This is a very special exhibition that showcases artworks from NERAM’s collections and contemporary fashion from the International Woolmark Prize archive. The exhibition explores two ideas: the place of wool in the artistic imagination of Australia; and visual relationships between art and fashion. Tanya Zoe Robinson, exhibition curator, The Art of Wool tell Focus readers more.
What inspired you to develop this exhibition?
It all started with NERAM’s collections. NERAM has the most comprehensive art collection of any regional gallery in Australia. I was struck by the number of works that depicted sheep and wool – and I wondered why? It turns out that wool and sheep have inspired generations of Australian artists. From great properties to prize sheep, farm work to hand knitting, artists have captured every aspect of sheep and wool production. The artworks show the importance of rural life and our relationship to land. They speak to an Australian identity bedded in wool and landscape.
Why wool, art and fashion?
I’m also interested in fashion, so pairing the two together makes sense to me – especially as art and fashion are so closely related. They share an intertwined history, sense of creative expression, and desire to communicate visually. I noticed that details in the paintings are similar to features on the garments, and I liked the way both artists and designers had explored the technical and creative possibilities of their mediums. Some designers emphasise qualities of raw and knitted wool that are also captured by artists, or details in the paintings are similar to features on the garments. The bold painterly gestures, gently draping fabrics, detailed textures and sculptural shapes create a dialogue between art and fashion. It’s as if many artworks and garments were made for each other.
Where do the garments come from?
The International Woolmark Prize recognises outstanding rising fashion labels. Regional competitions are held around the world to choose finalists for the award. All entries have to use at least 80% Merino wool – most of which will have come from this region. High profile judges choose the winner during the international autumn-winter fashion shows. So, we are very fortunate to be able to exhibit these garments. As well as many international fashion designers, there are Australians Alistair Trung, Christopher Esber, Dion Lee, ELLERY, Magdalena Velevska and STRATEUS.CARLUCCI.
What will visitors see?
It will be different for everyone – some people will enjoy seeing the historic artworks, or love reading about wool, art and fashion. For others it will be about the variety of techniques or the incredible detail on some garments. Others will love the exhibition because it’s their wool that’s on display! The garments are amazing – they are all so different, and many are like artworks in their own right. At the same time, most are very wearable. It’s really interesting to see fashion from around the world alongside wool-inspired artworks from our collections.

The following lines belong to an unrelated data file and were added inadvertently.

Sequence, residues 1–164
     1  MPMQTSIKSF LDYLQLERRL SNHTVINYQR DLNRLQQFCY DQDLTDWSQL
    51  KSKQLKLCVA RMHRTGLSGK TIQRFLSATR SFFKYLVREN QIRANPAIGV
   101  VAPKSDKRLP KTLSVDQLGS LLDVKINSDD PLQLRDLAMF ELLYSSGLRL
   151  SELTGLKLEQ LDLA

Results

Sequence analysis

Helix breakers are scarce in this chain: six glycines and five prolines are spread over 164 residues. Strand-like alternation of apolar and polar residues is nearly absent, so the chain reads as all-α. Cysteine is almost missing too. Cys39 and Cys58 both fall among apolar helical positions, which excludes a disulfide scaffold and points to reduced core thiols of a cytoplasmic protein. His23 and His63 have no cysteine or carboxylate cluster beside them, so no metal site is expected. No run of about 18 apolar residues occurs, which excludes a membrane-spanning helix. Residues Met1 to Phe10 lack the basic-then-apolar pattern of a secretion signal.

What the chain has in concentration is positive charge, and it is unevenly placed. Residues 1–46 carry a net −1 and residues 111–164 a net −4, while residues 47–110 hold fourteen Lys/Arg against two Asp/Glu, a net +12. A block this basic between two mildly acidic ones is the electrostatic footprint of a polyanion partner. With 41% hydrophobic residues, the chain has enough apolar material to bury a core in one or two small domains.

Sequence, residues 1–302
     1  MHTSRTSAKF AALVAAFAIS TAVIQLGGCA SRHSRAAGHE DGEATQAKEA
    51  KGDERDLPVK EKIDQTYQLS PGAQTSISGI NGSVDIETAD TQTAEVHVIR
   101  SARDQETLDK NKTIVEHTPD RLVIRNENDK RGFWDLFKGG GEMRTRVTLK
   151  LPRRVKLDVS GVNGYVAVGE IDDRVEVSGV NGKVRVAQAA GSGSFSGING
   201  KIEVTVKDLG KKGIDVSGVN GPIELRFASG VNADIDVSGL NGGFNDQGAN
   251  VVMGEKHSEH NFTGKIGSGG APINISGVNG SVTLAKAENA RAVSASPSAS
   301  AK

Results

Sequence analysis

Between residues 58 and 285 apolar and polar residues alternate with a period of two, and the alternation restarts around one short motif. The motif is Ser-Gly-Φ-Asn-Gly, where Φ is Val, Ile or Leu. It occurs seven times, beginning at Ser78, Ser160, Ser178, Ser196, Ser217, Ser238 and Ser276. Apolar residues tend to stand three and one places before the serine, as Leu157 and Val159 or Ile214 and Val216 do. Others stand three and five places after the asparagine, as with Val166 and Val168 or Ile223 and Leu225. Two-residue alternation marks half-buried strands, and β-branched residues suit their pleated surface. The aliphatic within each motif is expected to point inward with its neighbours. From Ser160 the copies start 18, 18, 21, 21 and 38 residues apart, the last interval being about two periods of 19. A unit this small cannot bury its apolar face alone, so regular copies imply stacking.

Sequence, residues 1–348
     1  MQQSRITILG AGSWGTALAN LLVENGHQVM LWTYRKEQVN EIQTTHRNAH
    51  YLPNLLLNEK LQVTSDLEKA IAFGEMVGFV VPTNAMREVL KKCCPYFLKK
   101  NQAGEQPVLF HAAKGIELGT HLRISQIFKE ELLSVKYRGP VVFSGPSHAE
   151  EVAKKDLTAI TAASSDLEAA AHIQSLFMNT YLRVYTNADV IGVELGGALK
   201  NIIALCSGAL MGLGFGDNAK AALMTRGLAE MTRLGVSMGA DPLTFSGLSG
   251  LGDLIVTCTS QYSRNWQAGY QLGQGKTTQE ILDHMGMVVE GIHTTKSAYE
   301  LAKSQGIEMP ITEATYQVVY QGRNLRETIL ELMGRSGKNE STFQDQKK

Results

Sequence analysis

Are there any special works in the exhibition?
Its really hard to choose the best artworks – we have so many great works in the exhibition. I particularly love the artworks that contrast the romance of landscape with the work of production, so things such as working shearing sheds and yards – you can really feel the heat and activity in those paintings. Rahul Mishra’s dresses are truly amazing. He comes from India, so his garments combine a mix of old and new technology, intricate embroidery and hand weaving. Mishra also loves storytelling, so he strives to tell a story with every part of each garment. You can see this in the way his filmy fabrics contrast with heavy stitching and merge representations of nature with the geometry of the city. It’s hard to believe that this is his first time working with wool, and that he’d never visited a wool growing property. He made his first trip to Australia and got to see sheep first hand, shortly after he won the Prize.
And what is special about the exhibition?
The exhibition is attracting attention to this region from all around the world and is part of the global Campaign for Wool, which has HRH the Prince of Wales as its patron. So for NERAM, it’s also a very special way to make a statement about the region to an international audience. Of course, the wool industry has always been so important locally – and the fashion on display is part of this story. These fashion designers have transformed wool from farm-based production, to design realisation, to the catwalks of the world’s fashion cities.
Another special part of the exhibition is the beautiful book that accompanies the exhibition. It has photos of many of the artworks and garments, and essays about the place of wool in Australian art, a history of wool fashion, and an interesting discussion about crossovers between art and fashion.